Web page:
Another thing that Workers’ Compensation will cover in many cases are the other types of medical equipment and devises that are prescribed by your authorized treating doctor for your home to help assist you with your “daily living activities”. So for example your doctor may recommend that railings be put in your shower or around your toilet area to assist you getting up and in and out of these various locations in your home. Furthermore you may also find that the Workers’ Compensation insurance carrier is responsible to pay for things that will help you in terms of modifications to your vehicle to drive it including maybe even making adjustments to a van or car to make it wheelchair accessible for example or to make the car operable in the event that you are unable to operate the car without some type of hand control devise as a result of and after your work accident injuries. In extreme examples many times Workers’ Compensation insurance carrier will be responsible for paying for home health care in the event that the injured workers’ injuries are truly catastrophic and require that there be some type of home attendant care to assist them with their daily needs.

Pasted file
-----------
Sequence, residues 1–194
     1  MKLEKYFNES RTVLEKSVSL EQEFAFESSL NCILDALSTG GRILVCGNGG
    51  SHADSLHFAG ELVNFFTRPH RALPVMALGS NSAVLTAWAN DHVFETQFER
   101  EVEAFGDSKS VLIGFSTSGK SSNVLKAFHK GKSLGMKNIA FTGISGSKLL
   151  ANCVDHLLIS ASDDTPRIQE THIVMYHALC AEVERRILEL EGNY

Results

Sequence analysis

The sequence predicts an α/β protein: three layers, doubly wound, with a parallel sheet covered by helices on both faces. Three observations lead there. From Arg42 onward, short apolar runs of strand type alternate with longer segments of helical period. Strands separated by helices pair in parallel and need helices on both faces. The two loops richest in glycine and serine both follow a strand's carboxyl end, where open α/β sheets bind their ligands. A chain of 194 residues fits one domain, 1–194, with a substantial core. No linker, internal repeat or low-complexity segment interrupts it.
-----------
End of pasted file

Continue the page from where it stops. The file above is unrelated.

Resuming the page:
Having now established what you could expect from a Workers’ Compensation case from a medical standpoint from a weekly compensation standpoint and from the catch all category of all other types of medical assistive devices home improvements and so forth, we next turn to what does Workers’ Compensation cover in terms of your permanent disability, if any, in your case? The answer to this of course revolves around whether or not you are able to return to your prior job or career and/or whether or not you have Permanent Total Wage Loss or Permanent Partial Wage Loss as a result of your work related injuries. In the event that you’re able to return to your prior job earning the same or better money as you did prior to your work injury, then workers’ compensation will typically provide you for what is known as “general disability” or “permanent partial disability” herein after “PPD”. In this event your doctor will have likely given you some type of impairment rating to your injured body part. You would then lets say for example you injured your back and you doctor gave you a 15% impairment to your back as a result of your work accident and injuries. You would then move to the disability statute and get some percentage of weeks for your disability to the back and large part based upon the permanent impairment rating given to you by your authorized treating doctor in your case. In the event that you’re not able to return to work and you suffer Total and Permanent Wage Loss, then you could move to have payments made to you, sometimes in a lump sum payment, for Permanent and Total Wage Loss in your case. Typically a Total and Permanent Wage Loss case is capped at 500 weeks of benefits and also is adjusted to what’s known as the “commuted value” of the benefits that will be payed to you. The South Carolina Workers’ Compensation Commission publishes the commuted value tables (hyperlink to commuted value tables on commission website) to inform the injured worker their attorney the insurance company whoever may be looking at the issue as to what the commuted value is of the injured workers’ disability benefits. In the event that you are able to return to work just not able earning the same amount of money as you did before the accident or working fewer hours then you did before the accident or some combination of the two then you would be able to move for Permanent Partial Wage Loss and seek payment of 2/3 of the difference between your pre accident earnings and your post accident earnings. However the pay out for your Permanent Partial Wage Loss would be capped at 340 weeks per South Carolina law.